Thursday 9 April 2020

The Hot Hand

As I write this post, markets in both the UK and the USA are continuing to have a strong week with the S&P 500 almost 28% up from it's nadir on March 23rd and the less broad FTSE 100 up a little under 20%. From their highs, the two indexes are down just 17% and 24% respectively. 

At the end of yesterday my personal holdings were down 11.4% from their high of February 19th, which is a lot better than the 23.4% they were down on that miserable Monday 23rd March. Keeping this in perspective, I'm back to where I was last October. 

I'm one of the lucky ones during this 'lock-down' because I can continue to work remotely and in addition, have little to spend my money on, although when you get to my age and your net worth can move by six figures in one day due to the markets, saving a few quid by not going out for dinner or a few beers isn't exactly impactful although old habits die hard, and I do still track my spending. 

Technically the US stock market is now in a new bull market as it is up 20% from its bottom, but in my opinion there is a significant chance that this rally is a "head fake" and the lows of March could well be revisited. It seems that the market is reflecting a 'best case' scenario, expecting that 'V' shaped recovery and jumping on every bit of good news about the apex but there is a long way to go yet, and the possibility of a second wave of COVID-19 next winter.

Still no sports of course, and while I have plenty of time now for research, with no return date in the near future, motivation is an issue although I've just started reading Ben Cohen's "The Hot Hand" which I'm hoping will give me some ideas.
For decades, statisticians, social scientists, psychologists, and economists (among them Nobel Prize winners) have spent massive amounts of precious time thinking about whether streaks actually exist. After all, a substantial number of decisions that we make in our everyday lives are quietly rooted in this one question: If something happened before, will it happen again? Is there such a thing as being in the zone? Can someone have a “hot hand”? Or is it simply a case of seeing patterns in randomness? Or, if streaks are possible, where can they be found?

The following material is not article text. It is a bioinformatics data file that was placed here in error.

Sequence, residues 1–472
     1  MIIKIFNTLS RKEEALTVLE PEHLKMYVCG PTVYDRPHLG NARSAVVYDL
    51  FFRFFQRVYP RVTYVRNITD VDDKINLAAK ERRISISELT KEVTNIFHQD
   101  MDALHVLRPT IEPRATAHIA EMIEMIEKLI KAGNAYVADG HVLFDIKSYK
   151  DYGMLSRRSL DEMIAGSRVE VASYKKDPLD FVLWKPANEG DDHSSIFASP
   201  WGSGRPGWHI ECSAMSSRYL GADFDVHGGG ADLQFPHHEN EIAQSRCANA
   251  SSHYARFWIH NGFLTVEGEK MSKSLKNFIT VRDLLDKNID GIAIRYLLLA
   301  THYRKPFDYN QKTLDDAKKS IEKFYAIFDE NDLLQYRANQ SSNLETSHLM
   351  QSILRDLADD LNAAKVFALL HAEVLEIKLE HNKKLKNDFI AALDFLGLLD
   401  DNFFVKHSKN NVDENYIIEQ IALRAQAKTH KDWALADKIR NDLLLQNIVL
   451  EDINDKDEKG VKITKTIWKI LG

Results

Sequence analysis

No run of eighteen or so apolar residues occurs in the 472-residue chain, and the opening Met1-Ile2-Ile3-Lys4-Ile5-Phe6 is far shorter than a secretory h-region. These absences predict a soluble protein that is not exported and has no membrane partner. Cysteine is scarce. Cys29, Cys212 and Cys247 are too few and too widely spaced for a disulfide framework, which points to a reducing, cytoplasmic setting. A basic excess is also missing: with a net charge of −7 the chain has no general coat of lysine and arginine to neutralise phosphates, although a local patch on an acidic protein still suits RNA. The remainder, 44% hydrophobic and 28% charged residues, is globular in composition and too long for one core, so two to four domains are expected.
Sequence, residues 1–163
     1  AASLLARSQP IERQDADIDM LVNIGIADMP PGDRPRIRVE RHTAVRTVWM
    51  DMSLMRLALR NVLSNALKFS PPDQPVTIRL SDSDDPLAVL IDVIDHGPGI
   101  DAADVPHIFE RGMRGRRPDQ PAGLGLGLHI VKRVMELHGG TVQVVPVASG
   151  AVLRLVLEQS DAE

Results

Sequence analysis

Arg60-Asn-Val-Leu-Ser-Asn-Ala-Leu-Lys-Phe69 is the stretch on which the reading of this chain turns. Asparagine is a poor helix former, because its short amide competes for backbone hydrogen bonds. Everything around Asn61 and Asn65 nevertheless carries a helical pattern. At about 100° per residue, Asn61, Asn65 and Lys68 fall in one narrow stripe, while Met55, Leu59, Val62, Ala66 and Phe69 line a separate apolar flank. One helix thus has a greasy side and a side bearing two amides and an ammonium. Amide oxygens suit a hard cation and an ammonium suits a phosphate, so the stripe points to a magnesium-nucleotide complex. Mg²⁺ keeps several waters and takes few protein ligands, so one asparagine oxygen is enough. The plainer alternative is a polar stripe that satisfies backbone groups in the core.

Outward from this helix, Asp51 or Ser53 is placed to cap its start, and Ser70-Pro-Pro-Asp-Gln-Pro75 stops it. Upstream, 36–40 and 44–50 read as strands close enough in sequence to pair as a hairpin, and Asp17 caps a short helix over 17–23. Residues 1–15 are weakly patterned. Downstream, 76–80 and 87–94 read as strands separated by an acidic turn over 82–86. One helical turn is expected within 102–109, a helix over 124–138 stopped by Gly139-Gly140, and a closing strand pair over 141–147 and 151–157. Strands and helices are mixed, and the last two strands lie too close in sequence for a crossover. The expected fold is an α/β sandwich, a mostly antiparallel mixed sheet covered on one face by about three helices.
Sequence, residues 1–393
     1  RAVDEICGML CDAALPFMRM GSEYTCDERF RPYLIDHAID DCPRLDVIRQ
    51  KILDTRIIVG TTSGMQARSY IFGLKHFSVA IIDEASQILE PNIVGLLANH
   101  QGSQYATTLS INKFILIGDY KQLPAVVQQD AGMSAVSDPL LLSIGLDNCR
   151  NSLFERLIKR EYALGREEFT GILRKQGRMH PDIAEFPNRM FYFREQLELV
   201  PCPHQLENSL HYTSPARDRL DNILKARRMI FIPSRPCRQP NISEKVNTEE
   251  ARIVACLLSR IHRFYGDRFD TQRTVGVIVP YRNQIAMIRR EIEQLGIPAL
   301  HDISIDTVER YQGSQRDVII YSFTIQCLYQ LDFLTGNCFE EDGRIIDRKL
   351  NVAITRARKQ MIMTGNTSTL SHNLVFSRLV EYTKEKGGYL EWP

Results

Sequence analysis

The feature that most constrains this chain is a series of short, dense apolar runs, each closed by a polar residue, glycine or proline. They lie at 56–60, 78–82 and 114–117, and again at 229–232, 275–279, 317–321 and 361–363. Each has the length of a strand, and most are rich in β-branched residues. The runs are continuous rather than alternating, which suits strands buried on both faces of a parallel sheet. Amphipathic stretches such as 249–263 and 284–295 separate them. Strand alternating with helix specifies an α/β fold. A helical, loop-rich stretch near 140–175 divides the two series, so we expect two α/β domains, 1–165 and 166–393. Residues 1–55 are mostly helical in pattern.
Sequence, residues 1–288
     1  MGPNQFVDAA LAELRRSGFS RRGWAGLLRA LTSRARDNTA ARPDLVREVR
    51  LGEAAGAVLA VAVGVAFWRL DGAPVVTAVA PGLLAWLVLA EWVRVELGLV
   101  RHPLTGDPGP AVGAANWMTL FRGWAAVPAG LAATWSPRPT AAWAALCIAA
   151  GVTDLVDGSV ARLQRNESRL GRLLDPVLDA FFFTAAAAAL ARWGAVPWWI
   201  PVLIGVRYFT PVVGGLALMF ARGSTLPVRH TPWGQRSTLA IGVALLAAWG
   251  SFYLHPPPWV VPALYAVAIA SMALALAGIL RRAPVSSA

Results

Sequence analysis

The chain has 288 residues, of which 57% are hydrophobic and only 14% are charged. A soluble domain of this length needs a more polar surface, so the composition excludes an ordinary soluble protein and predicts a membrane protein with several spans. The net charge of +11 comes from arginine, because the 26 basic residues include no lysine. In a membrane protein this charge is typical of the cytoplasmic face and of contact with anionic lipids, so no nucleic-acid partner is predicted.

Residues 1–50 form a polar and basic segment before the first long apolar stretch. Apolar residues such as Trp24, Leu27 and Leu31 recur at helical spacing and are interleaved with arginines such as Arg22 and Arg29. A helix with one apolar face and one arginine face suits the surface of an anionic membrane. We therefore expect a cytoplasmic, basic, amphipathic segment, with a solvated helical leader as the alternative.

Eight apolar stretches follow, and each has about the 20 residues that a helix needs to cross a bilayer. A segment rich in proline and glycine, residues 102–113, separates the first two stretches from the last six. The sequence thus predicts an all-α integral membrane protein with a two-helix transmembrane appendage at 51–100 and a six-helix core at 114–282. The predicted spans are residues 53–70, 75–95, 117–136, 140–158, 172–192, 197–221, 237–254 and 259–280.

In The Hot Hand, Wall Street Journal reporter Ben Cohen offers an unfailingly entertaining and provocative investigation into these questions. He begins with how a $35,000 fine and a wild night in New York revived a debate about the existence of streaks that was several generations in the making. We learn how the ability to recognize and then bet against streaks turned a business school dropout named David Booth into a billionaire, and how the subconscious nature of streak-related bias can make the difference between life and death for asylum seekers. We see how previously unrecognized streaks hidden amidst archival data helped solve one of the most haunting mysteries of the twentieth century, the disappearance of Raoul Wallenberg. Cohen also exposes how streak-related incentives can be manipulated, from the five-syllable word that helped break arcade profit records to an arc of black paint that allowed Stephen Curry to transform from future junior high coach into the greatest three-point shooter in NBA history. Crucially, Cohen also explores why false recognition of nonexistent streaks can have cataclysmic results, particularly if you are a sugar beet farmer or the sort of gambler who likes to switch to black on the ninth spin of the roulette wheel.

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